Overhead, a red-tailed hawk soars on the waking wind and, I, below, lift my small voice and sing the doxology.

Playdates with God: First Monday of Advent

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The first Sunday of Advent found us on the road, returning our son to his scholastic nest after a week of giving thanks. We traveled for a total of nine hours yesterday, watching the sun-chariot of Helios arc across the sky through the windshield. We missed the lighting of the first candle with our church family, the candle of hope, but as day dwindled into night and we drove away from our son, I felt the flame of hope kindled in my heart.

He is growing into his own person and this week felt like meeting him anew in many ways. Every smile was an answer to prayer. Today, it feels right to step from gratitude into hope. It has been a long year. We live into decisions made of sacrifice, uncertainty marks our steps. There have been disappointments and new beginnings, but the light of this season reminds us this story we are living is only part of the tale.

Advent always stirs that deep longing, fills with expectation. I strain my neck to see the manger, but also look inward to find Christ in me. I look ahead to the day when all will be made new in this tired world. Sometimes, it’s hard to let that work begin with me, let my fingers slip from the tight grip with which I hold it all.

John Calvin said that the world is a theater of God’s glory, that he is “inclined to allure us to himself by gentle and loving means.” In his book Ravished by Beauty, theologian Belden C. Lane says, “[P]raise is a matter of studying in minute detail the footprints of God in the world.” He is referring to nature, but I have followed God’s footprints through the ways he is working in the lives of those I love of late. I step into Advent with wonder and awe, cradling tiny flames of light.

Hope. How it does light the way. May your week be filled with light, Beloveds.

Every Monday I share one of my Playdates with God. I would love to hear about yours. It can be anything: outside, quiet time. Maybe it’s solitary. Maybe it’s loud and crowded. Just find God and know joy. Click on the button below to add your link. I try to visit a few of your stories every week, so if you are a new visitor, be sure to let me know in the comments so I can welcome you. Grab my button at the bottom of the page and join us.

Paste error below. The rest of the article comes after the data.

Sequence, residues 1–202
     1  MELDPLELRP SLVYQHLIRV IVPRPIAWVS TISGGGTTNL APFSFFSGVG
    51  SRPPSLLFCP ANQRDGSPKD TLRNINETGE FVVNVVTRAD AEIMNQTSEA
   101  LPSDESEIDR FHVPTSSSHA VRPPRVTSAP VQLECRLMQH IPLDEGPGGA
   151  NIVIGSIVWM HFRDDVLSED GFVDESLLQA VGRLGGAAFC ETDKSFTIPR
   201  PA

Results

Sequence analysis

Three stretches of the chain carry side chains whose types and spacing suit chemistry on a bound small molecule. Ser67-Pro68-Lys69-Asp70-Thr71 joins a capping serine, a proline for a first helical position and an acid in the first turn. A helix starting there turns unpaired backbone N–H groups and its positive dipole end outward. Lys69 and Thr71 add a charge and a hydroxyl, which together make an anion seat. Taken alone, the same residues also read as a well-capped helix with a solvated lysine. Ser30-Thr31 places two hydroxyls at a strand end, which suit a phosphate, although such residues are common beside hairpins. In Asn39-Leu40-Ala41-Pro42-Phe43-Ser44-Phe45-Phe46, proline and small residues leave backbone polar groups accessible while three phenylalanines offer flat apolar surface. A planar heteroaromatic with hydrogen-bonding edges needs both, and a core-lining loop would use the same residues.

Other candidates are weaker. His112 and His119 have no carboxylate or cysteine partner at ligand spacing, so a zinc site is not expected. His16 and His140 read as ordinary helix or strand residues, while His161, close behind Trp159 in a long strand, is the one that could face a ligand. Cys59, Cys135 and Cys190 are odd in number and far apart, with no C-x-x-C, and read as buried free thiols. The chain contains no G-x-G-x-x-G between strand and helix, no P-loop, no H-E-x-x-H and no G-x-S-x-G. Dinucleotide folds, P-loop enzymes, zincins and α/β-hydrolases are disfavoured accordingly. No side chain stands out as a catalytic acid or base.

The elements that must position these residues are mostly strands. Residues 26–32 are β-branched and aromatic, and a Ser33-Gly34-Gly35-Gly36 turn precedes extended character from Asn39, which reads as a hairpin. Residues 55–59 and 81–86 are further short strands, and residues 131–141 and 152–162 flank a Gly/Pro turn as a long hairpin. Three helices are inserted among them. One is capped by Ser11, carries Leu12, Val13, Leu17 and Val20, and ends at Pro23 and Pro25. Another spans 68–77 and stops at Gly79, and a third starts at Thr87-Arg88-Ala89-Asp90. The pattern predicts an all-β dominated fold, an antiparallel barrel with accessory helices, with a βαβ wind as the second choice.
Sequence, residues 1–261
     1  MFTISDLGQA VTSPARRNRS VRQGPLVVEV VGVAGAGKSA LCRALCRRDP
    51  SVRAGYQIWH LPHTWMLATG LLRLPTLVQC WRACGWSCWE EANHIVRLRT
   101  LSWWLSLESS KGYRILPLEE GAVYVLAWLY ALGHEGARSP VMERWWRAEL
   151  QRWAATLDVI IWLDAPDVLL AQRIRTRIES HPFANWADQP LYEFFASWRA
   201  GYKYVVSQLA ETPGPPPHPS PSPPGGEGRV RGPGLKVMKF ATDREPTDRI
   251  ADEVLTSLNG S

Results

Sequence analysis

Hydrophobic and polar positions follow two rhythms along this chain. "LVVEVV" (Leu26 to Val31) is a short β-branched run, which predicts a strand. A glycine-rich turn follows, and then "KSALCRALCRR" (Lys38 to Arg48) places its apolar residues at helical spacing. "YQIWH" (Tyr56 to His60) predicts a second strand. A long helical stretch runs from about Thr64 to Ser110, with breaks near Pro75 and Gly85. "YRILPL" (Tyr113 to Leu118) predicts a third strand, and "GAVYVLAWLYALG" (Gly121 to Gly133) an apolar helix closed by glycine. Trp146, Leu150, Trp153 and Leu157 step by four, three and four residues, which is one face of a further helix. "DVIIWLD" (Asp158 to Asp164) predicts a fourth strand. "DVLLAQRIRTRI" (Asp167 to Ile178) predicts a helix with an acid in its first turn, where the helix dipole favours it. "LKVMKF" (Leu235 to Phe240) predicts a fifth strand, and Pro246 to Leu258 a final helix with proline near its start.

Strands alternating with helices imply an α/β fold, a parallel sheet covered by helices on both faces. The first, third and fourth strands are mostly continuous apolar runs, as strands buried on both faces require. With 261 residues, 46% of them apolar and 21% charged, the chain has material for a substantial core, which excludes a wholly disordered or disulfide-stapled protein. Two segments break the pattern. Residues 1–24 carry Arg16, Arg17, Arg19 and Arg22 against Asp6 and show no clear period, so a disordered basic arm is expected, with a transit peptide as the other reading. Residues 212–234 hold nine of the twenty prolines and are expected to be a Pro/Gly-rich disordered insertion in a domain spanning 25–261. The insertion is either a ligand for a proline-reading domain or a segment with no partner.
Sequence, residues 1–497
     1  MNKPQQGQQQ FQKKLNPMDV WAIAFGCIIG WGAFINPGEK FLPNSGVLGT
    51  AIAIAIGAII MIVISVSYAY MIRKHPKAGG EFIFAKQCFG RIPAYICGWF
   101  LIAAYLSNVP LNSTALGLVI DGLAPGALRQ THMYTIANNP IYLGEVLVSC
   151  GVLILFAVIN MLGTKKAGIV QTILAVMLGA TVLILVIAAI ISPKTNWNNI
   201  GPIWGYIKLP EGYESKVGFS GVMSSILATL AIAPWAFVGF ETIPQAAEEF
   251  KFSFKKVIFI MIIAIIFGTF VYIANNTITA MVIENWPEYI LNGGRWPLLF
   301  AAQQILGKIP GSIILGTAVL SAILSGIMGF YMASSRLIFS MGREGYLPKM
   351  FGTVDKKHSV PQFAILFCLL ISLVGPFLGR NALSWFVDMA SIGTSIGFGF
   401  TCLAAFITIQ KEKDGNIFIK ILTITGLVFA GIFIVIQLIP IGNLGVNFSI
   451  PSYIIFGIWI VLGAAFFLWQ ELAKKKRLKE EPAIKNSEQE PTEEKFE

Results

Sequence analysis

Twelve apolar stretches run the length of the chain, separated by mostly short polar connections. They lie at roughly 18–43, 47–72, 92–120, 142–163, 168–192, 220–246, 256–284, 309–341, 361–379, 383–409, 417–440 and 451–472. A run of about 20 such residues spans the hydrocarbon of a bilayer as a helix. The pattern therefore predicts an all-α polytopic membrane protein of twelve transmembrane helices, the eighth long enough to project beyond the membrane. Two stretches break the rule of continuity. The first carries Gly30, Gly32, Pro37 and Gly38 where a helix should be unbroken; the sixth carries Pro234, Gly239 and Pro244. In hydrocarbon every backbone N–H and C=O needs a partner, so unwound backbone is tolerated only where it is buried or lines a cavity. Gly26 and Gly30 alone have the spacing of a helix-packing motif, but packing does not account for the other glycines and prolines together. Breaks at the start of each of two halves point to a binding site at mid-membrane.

Laura Boggess

West Virginia Morning: Christmas Eve

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On Christmas Eve’s eve we sat together on the couch and watched some of our favorite holiday classics. There was The Grinch, and Rudolph, and Charlie Brown to keep us company. We’ve done this since the boys were small, usually earlier in the season to build the excitement. But every year the showing comes later and later, seeming to stretch out with each inch added to their height. As boys grow, so do their personal calendars and family time becomes a rare gift to be savored.

But I kept falling asleep in my place on the edge of the couch. There is a lot of flu going around here and I worried perhaps I was coming down with something. So I went to bed early without kissing anyone and Bonnie joined me and we snuggled in deep for a long winter’s nap.

So, on Christmas Eve’s morn, what do I do? I rise early, with nothing more than a slight morning sniffle, to get more work done, creep out of bed in the dark and sit with some last minute editing to meet a deadline. And I don’t mind it, really, I don’t. This lover of words could drown in a sea of them and be happy. But when I’ve done all I can do, I pick up that book on Sabbath I’ve been reading on the lonely mornings, the one that has become my favorite. And Wayne Muller says this, “Sabbath requires surrender. If we only stop when we are finished with all our work, we will never stop—because our work is never completely done. … If we refuse to rest until we are finished, we will never rest until we die. Sabbath dissolves the artificial urgency of our days, because it liberates us from our need to be finished.”

I sat there fingering that page, aware of all the work that is undone, and felt a loneliness so deep. Such a longing welled up inside of me for something unknown. I wanted rest, I wanted beauty, I wanted hands on my body and poetry in my ears. I wanted paradise and wholeness and the love that never fails.

So I did what I always do when eternity woos me this way, I went outside. The earth was just waking up to birdsong, her thirst quenched by the showers that passed through last night; everything gray and damp and dripping with baubles of light. It smelled like spring, like new life and I marveled at the ways of creation once again. The newspaper tells me we might break the record today for warm temperatures on Christmas Eve. The record temperature for this day is 73 degrees, set in 1964—before I was even born. I stand outside with only a light jacket, breathing in new life and it hits me.

This is the season of new life. Isn’t this Christmas? Hope took on flesh and suckled at the breast of a woman. Hope came in the most impossible of all ways, in the helpless form of a babe. And isn’t it God’s way to come in the most unusual of ways, the most unexpected? Isn’t this what I believe when I light the Christmas tree, when I sing the carol, when I open the gift?

God came down. It’s impossible to grasp and I will never convince my unbelieving friends of this story that is next to lunacy. Because love rarely makes sense, love rarely comes in the ways we expect it to, Love cannot be explained in words.

And so this lover of words sets them aside for a time this morning. She gives herself fully to the surrender. And for a brief moment, one tiny millisecond, eternity floods her heart and that loneliness is filled.

And it is enough. It is enough for now.